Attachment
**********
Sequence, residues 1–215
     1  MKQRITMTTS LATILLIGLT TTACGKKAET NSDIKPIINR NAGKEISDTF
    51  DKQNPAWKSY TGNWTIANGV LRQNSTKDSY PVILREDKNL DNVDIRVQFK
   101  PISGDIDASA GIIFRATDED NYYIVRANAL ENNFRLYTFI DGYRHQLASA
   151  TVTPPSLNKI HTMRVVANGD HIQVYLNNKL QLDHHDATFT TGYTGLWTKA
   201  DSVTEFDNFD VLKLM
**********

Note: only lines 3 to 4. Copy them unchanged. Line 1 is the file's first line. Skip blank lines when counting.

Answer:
    51  DKQNPAWKSY TGNWTIANGV LRQNSTKDSY PVILREDKNL DNVDIRVQFK
   101  PISGDIDASA GIIFRATDED NYYIVRANAL ENNFRLYTFI DGYRHQLASA